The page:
Assumptions

We are all guilty of it.  Most of the time we are unaware of the snap judgements we make about people and our settings.  While judgement has an often-negative connotation, most judgements are benign such as which clothes we wear, and the best way to start our day.  Others however, are more impactful and can deeply harm our relationships with others.  We all know assumptions, especially negative ones, are not healthy, yet we continue to make judgements based on nothing more than our presumptions.

One of the main themes in Crystal Moon is that we should always be careful what sort of conclusions we come to, especially in marriage.  It is a part of human nature to assume the worst, especially if there is an argument or a relationship hasn’t been going well.  Sometimes there are other factors such as a bad mood, alcohol, or simply an inability to empathize with another person.

Usually, the more negative assumptions we have about a person, the more wrong we are.  There are of course exceptions, toxic people do exist and they are more common than we would like to believe.  Everyone that has gone to school knows that first hand, and perhaps when we become adults we are on guard against such toxicity.  It is easier to assume the worst and be on the defensive then it is to be vulnerable, especially opening ourselves to someone who will betray that trust in the future.

Most of the time negative assumptions do nothing more than get us into trouble, especially if we lash out first before discussing them.  I have come to believe that people are more emotional than rational, especially when they are fired up.  When we are upset and believe another person has wronged us, in that moment we want to fight, and more importantly win.  This is the sort of mess the main characters find themselves in.  Both the husband and wife come to conclusions about one another, and instead of discussing their fears and concerns, the real issue at hand continues to spiral out of control.  When this happens in fiction it creates plot, but in real life it can cause irreparable damage.  When we are accused of doing or feeling something we aren’t guilty of, we feel angry, that there had been an injustice done upon us. May we learn from characters in fiction and be better than that, remembering how it feels to be on the receiving end of untrue assumptions.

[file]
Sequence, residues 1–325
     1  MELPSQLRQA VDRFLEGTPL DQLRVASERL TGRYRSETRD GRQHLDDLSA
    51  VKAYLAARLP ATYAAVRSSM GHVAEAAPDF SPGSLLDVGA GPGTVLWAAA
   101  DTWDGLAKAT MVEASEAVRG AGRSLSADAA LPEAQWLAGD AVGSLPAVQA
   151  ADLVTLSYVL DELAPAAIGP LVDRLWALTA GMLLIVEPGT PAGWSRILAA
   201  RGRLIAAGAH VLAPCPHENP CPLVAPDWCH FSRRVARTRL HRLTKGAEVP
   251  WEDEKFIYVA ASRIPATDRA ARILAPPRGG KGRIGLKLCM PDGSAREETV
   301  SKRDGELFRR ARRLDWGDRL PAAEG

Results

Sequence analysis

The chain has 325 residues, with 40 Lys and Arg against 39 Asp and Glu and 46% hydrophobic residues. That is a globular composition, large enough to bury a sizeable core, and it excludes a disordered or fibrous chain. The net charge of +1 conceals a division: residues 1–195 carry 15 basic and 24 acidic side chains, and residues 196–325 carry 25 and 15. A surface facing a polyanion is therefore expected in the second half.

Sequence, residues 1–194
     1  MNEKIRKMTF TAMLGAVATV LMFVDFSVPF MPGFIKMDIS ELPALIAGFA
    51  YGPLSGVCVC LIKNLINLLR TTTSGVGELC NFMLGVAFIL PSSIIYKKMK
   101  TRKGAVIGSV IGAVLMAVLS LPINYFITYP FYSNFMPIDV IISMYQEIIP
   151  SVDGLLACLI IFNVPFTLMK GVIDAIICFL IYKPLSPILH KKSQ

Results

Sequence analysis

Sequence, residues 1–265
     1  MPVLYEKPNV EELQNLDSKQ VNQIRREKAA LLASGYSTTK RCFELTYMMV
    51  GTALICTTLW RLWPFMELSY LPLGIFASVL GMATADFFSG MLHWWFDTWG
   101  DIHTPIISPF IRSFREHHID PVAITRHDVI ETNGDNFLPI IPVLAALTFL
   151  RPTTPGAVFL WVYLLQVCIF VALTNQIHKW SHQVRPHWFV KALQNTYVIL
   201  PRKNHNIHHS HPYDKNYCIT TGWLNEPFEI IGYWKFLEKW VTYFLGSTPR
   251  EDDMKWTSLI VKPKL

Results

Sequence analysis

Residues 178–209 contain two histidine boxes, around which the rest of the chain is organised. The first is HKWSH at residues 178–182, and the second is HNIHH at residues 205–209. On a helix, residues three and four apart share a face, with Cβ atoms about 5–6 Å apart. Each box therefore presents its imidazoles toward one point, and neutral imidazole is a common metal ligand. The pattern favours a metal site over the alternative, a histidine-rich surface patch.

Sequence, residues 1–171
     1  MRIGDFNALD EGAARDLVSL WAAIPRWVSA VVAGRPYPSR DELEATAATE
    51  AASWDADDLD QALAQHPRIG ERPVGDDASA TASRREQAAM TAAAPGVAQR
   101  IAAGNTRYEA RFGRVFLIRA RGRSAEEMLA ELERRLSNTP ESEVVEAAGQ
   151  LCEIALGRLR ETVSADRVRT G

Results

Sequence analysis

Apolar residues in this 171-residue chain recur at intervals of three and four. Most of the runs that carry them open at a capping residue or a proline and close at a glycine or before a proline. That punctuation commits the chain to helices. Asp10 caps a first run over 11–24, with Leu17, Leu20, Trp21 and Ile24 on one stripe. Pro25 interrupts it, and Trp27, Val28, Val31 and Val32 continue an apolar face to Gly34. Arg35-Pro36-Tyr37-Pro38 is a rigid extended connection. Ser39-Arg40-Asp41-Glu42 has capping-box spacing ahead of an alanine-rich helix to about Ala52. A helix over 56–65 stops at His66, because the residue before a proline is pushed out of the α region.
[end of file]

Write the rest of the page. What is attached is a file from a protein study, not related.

Showing, Telling, and Life

This is a little off-topic for me, but it is something that I have been thinking about for a while.  I haven’t been sure if it is something I could put in my blog or not since I try to keep the theme of writing.  I decided to dive into it because I feel it is important and can be connected to writing.

An author is expected to “show” not “tell” while developing a story, or in other words lead the reader to water don’t force her to drink. That had got me thinking, what if everyone was expected to do that not just authors?

I know, it is pretty crazy, but imagine a world where people proved they were good instead of simply saying they were?  Isn’t that the way things are supposed to be anyway?    I have had actual experiences like this.  I knew a habitual liar who claimed to be a good person, even after lying to children for over a year.  I knew someone who bragged about having above average mental health because said person was in treatment.  If this stuff is true, why say it?  If someone is honest or has good mental health shouldn’t that be obvious and not needing to be announced?

 

 

Instead of saying you are a good person, show it.  Actually, it is probably better if you never say it at all.  We all have slip-ups, and that sort of stuff can come around to bite you.  Just look at the current political season, that is evidence enough right there.